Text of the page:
It's still possible to make a profit on a newspaper, but to do it, you've got to have a small staff of people who work their butts off. You've got to have do-everything staffers, rather than having specialists who won't lift a finger to help outside their job description. And one of the luxuries that profitable newspapers can no longer afford is the overpaid op-ed columnist who never gets her shoes dirty.

Good-bye to bad rubbish.


  1. Parker writes: "A younger generation, meanwhile, has little understanding or appreciation of the relationship between a free press and a free society."

    Oh really? Give this a read, Kat:

    I'll let this stew all day while I'm at work, and come up with a thorough beat-down this evening. Way to get my blood flowing first thing on a Monday morning, RSM.

  2. What is so hard to understand about offering A Choice, Not An Echo?

    Words to live by.

    If we liked the Democrats so god-damned much, we'd be Democrats.

  3. "McCain's right, of course . . ."

    Show off.

  4. Re: Kathleen Parker (and the newspapers, in general), I have some questions: when are you conservatives going to have the balls to ignore the LA and NY Times? CNN? MSNBC? The Guardian? ...Especially when it comes to whoever they decide is a conservative.

    I don't mean totally ignore them, but why do you keep giving them any credibility as "news" organizations? Why are the likes of Mitch McConnell, John Boenher, Michael Steele, and other so called "conservative leaders" always putting interviews with these phony propagandists ahead of interviews with capable writers?

    Why are people like Hugh Hewitt always giving the papers advice on how to succeed in the new reality, when the honorable, decent thing to do would be to just.let.them.die?

    Why do so many exceptional writers and bloggers seem to go out of their way to honor the myth of "journalism?", when it's rarely been on display since the days of James Callender and his ilk?

    We are in the age where the byline is the brand. Not only do you have to "write for money" as Stacy always points out he is doing, but you have to market and sell your writing yourself. (Yeah, hook up with whoever helps you, and use and other sources, but do the real work yourself.) That's the new reality. (BTW, It's time to buy his book.)

    As Gabriel Malor posted over at AoS-HQ, you can read up on this new reality here.

    (an excerpt)
    "The competition-deflecting effects of printing cost got destroyed by the internet, where everyone pays for the infrastructure, and then everyone gets to use it. And when Wal-Mart, and the local Maytag dealer, and the law firm hiring a secretary, and that kid down the block selling his bike, were all able to use that infrastructure to get out of their old relationship with the publisher, they did. They’d never really signed up to fund the Baghdad bureau anyway."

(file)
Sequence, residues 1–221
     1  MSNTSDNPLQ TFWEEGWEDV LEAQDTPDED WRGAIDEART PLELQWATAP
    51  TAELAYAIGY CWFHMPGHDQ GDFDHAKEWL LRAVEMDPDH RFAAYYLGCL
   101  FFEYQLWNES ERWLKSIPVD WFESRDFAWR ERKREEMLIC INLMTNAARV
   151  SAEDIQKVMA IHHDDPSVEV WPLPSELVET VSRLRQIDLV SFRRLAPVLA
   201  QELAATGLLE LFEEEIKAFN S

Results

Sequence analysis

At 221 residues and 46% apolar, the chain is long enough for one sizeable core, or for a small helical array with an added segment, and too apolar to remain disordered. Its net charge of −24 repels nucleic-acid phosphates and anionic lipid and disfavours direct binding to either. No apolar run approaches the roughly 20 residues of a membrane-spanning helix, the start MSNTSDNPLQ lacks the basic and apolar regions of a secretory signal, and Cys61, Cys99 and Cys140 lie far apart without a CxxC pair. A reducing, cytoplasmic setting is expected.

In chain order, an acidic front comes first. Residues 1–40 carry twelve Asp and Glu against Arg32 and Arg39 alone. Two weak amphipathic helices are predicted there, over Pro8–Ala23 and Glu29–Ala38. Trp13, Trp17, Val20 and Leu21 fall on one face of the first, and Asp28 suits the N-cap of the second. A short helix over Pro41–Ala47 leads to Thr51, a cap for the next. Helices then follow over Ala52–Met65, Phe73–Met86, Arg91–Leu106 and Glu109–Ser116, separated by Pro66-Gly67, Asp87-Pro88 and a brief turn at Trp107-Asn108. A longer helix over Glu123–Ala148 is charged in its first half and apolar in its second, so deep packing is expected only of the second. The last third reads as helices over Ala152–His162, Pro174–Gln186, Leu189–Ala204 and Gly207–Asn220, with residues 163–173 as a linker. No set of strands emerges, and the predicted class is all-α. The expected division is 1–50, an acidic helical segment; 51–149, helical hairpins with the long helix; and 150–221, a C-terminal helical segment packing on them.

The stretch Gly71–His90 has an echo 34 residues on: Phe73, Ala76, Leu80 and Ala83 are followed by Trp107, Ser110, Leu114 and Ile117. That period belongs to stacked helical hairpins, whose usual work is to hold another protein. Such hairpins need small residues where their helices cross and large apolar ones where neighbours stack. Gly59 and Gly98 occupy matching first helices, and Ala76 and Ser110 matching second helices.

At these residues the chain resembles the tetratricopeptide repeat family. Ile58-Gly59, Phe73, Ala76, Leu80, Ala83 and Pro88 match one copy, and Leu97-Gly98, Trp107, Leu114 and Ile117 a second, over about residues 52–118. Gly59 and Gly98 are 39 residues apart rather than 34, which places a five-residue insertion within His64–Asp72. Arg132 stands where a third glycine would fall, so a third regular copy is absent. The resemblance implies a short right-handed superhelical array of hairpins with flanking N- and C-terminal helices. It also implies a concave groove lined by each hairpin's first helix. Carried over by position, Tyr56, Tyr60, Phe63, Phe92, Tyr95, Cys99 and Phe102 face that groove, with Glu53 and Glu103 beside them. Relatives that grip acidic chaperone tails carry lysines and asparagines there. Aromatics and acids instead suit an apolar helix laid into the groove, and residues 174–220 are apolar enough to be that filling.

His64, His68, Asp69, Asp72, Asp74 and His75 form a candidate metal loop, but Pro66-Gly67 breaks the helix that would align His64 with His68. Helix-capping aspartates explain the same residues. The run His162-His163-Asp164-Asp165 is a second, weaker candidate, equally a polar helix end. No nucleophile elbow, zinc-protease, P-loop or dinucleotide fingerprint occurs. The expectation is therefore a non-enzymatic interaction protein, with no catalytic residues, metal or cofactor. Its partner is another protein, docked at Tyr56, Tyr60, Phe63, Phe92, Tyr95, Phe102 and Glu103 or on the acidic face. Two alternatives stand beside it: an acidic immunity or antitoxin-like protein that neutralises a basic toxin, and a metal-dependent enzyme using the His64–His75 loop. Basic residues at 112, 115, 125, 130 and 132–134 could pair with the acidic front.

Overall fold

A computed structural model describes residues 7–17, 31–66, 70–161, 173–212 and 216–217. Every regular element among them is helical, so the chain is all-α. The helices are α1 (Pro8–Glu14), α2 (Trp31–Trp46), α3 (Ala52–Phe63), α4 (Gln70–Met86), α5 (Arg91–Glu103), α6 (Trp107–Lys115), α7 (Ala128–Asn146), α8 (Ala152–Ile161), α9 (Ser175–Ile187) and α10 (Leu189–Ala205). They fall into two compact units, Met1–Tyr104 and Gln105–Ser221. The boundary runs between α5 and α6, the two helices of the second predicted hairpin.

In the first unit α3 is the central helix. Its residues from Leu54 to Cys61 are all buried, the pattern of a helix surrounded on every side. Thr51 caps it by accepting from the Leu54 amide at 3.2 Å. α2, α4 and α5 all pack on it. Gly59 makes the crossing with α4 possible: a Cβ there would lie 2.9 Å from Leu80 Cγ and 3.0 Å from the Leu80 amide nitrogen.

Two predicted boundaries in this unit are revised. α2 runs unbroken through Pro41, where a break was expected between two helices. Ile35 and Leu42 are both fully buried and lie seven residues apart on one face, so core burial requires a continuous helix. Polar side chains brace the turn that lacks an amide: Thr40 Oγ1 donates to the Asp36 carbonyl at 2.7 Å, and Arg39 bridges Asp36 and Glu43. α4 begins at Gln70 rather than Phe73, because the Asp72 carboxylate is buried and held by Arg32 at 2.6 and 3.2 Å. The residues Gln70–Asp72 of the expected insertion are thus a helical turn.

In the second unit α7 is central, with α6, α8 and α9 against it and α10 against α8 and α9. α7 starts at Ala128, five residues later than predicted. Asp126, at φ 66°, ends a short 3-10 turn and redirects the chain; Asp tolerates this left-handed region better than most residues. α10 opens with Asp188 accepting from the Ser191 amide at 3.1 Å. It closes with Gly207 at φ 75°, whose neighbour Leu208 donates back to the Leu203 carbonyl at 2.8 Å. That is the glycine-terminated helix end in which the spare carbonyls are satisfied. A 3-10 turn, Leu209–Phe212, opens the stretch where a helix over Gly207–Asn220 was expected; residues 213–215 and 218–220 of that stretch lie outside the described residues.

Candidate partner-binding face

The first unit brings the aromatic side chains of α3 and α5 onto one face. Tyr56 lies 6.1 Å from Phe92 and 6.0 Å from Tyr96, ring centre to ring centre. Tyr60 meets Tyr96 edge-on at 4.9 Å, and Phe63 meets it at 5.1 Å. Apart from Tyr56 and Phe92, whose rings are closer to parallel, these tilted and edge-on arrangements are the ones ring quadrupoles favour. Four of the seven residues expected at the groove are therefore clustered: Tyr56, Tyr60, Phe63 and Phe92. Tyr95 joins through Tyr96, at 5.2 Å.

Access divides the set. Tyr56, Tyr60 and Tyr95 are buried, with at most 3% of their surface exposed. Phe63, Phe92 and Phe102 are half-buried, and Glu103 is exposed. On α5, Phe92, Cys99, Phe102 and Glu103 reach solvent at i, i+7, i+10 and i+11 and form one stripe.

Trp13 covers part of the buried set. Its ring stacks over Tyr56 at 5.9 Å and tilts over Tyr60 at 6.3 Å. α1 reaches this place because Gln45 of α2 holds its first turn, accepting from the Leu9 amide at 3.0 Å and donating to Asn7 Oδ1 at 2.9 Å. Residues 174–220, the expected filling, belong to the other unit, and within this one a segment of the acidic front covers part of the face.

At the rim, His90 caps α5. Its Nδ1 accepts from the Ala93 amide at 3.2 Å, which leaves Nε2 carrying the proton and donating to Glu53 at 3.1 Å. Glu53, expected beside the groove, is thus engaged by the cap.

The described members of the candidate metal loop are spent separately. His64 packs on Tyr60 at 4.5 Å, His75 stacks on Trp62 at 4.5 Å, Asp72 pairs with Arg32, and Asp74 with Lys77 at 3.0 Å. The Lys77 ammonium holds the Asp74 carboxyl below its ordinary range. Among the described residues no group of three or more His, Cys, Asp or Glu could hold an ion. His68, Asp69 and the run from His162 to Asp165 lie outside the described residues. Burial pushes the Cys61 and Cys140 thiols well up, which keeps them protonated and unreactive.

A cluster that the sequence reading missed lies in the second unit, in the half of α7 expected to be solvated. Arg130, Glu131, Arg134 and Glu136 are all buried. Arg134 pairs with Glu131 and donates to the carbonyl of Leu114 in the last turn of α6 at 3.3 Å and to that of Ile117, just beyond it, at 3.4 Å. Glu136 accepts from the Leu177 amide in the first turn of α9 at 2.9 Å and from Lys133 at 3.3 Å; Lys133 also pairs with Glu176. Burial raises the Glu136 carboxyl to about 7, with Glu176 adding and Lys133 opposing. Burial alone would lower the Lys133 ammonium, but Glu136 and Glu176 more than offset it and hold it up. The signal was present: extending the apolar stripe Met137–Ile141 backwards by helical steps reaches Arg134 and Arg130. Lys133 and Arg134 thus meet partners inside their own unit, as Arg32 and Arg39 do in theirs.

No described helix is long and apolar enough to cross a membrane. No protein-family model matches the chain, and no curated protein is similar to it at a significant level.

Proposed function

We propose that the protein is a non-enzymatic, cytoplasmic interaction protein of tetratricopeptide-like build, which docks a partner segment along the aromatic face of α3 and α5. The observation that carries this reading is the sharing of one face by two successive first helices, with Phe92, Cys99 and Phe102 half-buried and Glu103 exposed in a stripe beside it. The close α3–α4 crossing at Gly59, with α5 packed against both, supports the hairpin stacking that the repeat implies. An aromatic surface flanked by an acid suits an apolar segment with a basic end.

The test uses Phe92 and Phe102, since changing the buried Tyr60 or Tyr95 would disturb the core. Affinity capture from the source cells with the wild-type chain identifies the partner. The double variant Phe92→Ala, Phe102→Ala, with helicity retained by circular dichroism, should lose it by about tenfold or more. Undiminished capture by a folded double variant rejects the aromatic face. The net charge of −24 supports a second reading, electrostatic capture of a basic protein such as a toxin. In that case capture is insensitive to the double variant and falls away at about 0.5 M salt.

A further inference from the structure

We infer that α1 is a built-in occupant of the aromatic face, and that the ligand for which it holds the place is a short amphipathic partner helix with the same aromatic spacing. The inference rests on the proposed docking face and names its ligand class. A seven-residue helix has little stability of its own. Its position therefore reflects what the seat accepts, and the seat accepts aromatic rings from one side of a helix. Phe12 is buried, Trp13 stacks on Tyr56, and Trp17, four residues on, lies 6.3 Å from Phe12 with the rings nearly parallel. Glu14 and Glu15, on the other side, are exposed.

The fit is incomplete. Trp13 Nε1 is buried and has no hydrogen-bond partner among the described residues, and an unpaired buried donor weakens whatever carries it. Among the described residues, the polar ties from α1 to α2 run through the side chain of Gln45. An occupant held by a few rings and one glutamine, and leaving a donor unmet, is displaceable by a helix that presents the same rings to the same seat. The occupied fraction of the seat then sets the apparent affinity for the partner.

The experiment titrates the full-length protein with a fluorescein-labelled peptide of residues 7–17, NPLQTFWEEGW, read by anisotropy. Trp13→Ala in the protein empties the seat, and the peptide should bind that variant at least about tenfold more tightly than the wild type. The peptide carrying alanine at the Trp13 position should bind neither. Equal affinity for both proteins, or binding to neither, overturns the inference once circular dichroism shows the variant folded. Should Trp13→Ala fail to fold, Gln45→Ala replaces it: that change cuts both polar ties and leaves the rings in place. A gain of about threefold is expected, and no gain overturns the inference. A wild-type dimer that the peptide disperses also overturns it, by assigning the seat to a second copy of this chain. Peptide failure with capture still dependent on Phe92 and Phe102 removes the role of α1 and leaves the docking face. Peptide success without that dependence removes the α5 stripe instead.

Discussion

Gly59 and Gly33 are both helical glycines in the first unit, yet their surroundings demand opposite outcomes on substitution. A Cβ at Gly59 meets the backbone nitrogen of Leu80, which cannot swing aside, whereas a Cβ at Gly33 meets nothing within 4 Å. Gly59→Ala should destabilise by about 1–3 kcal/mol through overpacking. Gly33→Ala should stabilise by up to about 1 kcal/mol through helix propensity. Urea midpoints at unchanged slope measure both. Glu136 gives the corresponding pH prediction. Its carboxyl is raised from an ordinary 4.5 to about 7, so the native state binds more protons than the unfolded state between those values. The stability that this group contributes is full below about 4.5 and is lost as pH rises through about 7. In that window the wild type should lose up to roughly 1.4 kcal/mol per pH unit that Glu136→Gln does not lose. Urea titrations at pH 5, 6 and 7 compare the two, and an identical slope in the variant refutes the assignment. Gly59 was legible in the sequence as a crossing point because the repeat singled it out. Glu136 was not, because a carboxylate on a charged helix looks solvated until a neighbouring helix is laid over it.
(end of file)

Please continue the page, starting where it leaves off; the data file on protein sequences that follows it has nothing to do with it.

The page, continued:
(italics mine)

    So why not man up, and start treating the losers like they lost? It's time to start respecting real writers and information providers as Worthy Of Attention, and let the dead-enders wander off to their elephant graveyards to lie among their betters.

    [ We'll examine the problem of always referring to people like Ms. Parker, David Brooks and David Frum as "conservative" some other time.
    I'm not a conservative, but I have to caucus with you morons (and I mean that in the "friendly" way, so go pound sand) to help keep the country from sliding into totalitarianism. I have clear differences with conservatives and Libertarians, just as those bozos do, but you won't see me claiming to represent conservative thinking. ]

  5. Stacy,

    Re Kathleen Parker, right on!: I was but newly conservative in October 2008 and yet, more than once, made the time to e-mail Kathryn Lopez at NRO about firing Kathleen Parker. Here's a sample from 10/31/2008:

    Dear Ms. Lopez:

    Why does the National Review Online continue to besmirch its pixels with the mush-mouthed maunderings of Kathleen Parker? She has gone over to the Dark Side, she is a minion of the Axelrod of Evil!

    The gay men at HillBuzz, Hillary PUMAs who are now campaigning for John McCain, would call Parker an "Eeyore" because she has swallowed the Obamedia's story line hook, line and sinker and now goes about spreading doom and gloom. OK, this week it was equivocation, ass-covering and gloom, but you get my point.

    Parker has even made it to one of Iowahawk's parodies, along with her sister in Eeyore-dom, Peggy Noonan, and NRO's own apostate, Christopher Buckley. That means people have gone past getting angry with her because they disagree and moved on to disrespecting her opinion. Isn't the next stop after that questioning the judgment of people who continue to respect her, as evidenced by continuing to publish her?

    Yours truly,

    Cynthia Yockey